Baseball fans like player acquisitions that come with gaudy bubble gum stats and a lot of zeros at the end of their salary, but not every player worth having has to be a future Hall of Famer in order to make an important contribution.
I’m thinking of Jedd Gyorko, the versatile infielder the St. Louis Cardinals acquired from the San Diego Padres in a trade for Jon Jay.
When your club swings and misses at signing David Price, one of the game’s best left-handed starters, then loses Jason Heyward to its chief divisional rival, you’re not bound to light up the radio switch board with the likes of Gyorko.
But trading from an overflowing roster of outfielders to build depth that was lacking on the infield was as necessary as the free agent signing of pitcher Mike Leake.
Gyorko won’t be a starter — not even with shortstop Jhonny Peralta out until the All-Star break with a thumb injury — but I would be surprised if he doesn’t finish the season with more than 400 at-bats.
His value to the Redbirds is rooted in two things: He can back up three positions where the Cardinals had little depth in 2015, and he can hit left-handed pitching. Both of these factors will make at least two other players look better in their starting positions.
Remember last season the dramatic fade we saw from Peralta and second baseman Kolten Wong? Gyorko will take up some of their slack.
The only backup manager Mike Matheny had on the middle of the infield last season was Pete Kozma, a good fielder who hit a whopping .152. His lacking offense landed him in the witness-protection program for huge stretches of time, including the entire month of September, during which he got a grand total of seven at-bats, three less than he got in August. Not that anybody noticed.
Peralta, meanwhile, got no relief.
In 333 games since signing with the team as a free agent prior to the 2014 season, Peralta sat for just 12. All those innings caught up with him in the home stretch of a red-hot pennant race last fall. He was batting .300 as of July 19, but slumped to .242 for the month of August and .243 for September, while the Cubs and Pirates were gaining ground.
The innings also caught up with Wong, whose average fell more than 20 points from a season-high of .283 on July 17. He hit nine home runs before the All-Star break, but just two after.
Even before Peralta wound up with his thumb in a sling this spring, Gyorko figured to take plenty of innings off the 34-year-old’s load – keeping his legs fresh for the pennant drive.
Now with Ruben Tejada having been reclaimed from the New York Mets’ scrap heap via the waiver wire, there’s no pressure on Gyorko to take over for Peralta at shortstop. He can return to the role for which he was acquired.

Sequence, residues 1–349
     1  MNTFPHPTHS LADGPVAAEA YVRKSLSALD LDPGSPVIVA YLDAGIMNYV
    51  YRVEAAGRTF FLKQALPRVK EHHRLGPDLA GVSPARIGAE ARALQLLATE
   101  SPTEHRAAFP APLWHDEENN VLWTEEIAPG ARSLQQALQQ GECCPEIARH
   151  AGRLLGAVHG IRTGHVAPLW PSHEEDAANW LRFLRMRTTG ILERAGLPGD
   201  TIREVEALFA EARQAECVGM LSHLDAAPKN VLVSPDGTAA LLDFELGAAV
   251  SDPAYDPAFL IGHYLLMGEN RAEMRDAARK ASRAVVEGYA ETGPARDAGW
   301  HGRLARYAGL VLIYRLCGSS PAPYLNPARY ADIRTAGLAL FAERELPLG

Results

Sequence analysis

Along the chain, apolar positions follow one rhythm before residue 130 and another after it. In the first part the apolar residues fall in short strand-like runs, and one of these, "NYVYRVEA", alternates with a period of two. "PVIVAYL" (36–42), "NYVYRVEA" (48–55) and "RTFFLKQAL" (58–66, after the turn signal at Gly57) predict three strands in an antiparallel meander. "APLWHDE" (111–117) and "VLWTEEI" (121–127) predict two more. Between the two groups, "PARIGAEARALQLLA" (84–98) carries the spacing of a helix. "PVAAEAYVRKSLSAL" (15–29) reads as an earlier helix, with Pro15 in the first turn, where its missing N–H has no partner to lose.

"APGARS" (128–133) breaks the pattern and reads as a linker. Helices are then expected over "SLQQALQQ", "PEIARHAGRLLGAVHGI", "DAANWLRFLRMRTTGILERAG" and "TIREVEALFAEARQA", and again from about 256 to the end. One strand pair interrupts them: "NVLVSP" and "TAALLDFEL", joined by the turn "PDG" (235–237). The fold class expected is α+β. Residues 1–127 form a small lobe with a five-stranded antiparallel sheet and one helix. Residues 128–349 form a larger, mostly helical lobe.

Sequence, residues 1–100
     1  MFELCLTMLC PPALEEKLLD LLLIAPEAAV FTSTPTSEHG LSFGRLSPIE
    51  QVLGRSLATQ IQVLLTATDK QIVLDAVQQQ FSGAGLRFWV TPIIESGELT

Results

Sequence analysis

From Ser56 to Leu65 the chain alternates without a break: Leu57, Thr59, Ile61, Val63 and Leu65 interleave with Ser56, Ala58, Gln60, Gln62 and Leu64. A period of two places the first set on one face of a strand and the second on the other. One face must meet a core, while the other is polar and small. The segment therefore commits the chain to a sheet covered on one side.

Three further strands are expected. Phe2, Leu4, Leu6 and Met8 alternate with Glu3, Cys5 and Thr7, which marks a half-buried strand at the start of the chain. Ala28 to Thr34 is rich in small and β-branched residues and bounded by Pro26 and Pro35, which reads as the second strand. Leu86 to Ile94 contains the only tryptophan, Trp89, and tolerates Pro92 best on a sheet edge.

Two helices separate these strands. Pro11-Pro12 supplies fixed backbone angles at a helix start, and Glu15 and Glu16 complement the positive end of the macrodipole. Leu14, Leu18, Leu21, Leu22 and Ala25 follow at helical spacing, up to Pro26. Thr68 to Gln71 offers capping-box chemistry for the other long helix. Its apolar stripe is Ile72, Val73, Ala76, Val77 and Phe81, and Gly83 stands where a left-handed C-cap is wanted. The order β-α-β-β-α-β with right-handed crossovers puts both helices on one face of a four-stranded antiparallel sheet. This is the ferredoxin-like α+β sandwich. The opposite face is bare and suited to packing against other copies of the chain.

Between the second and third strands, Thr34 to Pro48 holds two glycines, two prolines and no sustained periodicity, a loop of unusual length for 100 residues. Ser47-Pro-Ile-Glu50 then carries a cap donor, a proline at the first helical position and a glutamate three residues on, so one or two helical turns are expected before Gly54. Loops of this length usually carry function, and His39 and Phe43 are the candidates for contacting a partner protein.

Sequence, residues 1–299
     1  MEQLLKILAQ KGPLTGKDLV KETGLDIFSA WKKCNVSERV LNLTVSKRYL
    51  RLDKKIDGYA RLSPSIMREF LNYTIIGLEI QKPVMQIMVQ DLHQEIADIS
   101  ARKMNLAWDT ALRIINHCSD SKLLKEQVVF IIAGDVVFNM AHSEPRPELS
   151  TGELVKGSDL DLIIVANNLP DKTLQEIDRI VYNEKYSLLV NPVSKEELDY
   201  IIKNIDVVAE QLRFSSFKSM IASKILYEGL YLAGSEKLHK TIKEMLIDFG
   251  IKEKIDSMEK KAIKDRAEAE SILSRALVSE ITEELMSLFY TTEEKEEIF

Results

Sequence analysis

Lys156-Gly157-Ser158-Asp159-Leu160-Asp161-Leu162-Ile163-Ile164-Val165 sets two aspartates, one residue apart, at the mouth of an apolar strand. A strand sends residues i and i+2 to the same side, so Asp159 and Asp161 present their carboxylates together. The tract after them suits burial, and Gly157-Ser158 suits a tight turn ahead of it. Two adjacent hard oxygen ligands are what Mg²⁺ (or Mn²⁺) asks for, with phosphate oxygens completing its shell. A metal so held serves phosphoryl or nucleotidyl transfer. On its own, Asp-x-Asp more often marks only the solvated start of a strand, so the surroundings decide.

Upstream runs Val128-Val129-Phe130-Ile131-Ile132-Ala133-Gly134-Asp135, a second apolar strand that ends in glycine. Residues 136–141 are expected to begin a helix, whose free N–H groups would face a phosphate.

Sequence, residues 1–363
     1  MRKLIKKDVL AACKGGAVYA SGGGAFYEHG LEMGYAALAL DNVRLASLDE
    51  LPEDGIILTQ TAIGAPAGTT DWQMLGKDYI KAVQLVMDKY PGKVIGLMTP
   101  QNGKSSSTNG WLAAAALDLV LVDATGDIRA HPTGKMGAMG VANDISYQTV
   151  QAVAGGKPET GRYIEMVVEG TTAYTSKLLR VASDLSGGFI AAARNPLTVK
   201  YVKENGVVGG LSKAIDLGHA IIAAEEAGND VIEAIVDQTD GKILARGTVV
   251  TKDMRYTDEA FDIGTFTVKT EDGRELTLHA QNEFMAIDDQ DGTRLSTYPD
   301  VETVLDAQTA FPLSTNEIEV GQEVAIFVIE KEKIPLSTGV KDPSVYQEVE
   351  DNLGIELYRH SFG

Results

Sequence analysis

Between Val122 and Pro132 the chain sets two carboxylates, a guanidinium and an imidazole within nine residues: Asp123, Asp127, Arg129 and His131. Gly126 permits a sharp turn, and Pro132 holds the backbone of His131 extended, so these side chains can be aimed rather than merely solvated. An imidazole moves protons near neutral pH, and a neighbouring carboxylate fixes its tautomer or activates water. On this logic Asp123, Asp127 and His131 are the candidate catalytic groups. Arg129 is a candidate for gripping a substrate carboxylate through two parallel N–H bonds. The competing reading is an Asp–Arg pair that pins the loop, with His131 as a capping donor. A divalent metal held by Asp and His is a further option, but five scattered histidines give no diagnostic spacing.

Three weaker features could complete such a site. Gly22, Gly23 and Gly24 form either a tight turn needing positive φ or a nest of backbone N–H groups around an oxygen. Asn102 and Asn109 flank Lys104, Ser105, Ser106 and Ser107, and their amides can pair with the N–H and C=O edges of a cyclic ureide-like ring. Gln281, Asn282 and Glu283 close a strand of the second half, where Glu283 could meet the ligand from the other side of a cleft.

He’ll still take plenty of innings from Tejada and Matt Carpenter at third and he will spell Wong at second base against left-handed pitching.
Wong batted nearly.280 with a .340 on-base percentage against right-handers in 2015, but hit just .229 in 166 at-bats against lefties. Gyorko, a second-round pick in the 2010 draft, hit .282 last season against left-handers while reaching base nearly 10 percent more and slugging 66 points higher than he did against right-handers.
It’s pretty apparent how that time-share arrangement is going to shape up.
Speaking of which, it’ll be interesting to see what kind of lineup the Cardinals can assemble against left-handers, especially if it turns out Matt Holliday can actually play first base.
Once kryptonite to the Redbirds offense, lefties may now have to face a lineup that includes Holliday at first (.299 avg., .905 OPS vs. left-handers in his career), Gyorko at second, Stephen Piscotty in right (.322 in 2015) and Tommy Pham in left (he hit 13 points higher against lefties than righties in 2015).
At 27, Gyorko brings a lot of upside, especially on offense. He started last season as the Padres’ starting second baseman and ended up hitting .247. It’s his power that intrigues, however. Extrapolated over a 162-game season, his three-year career numbers average out to 22 home runs and 76 RBI per season.
Gyorko can do at the plate what Scott Spiezio did for the Cardinals’ World Series championship club in 2006. He can be like the 2011 versions of Daniel Descalso and Allen Craig wrapped into one. He’s Jose Oquendo or Skip Schumaker with pop.
Who on that list is bound for the Hall of Fame? Or even an All-Star game?
Who was their equivalent in 2015?
And who among them could the Cardinals have done without?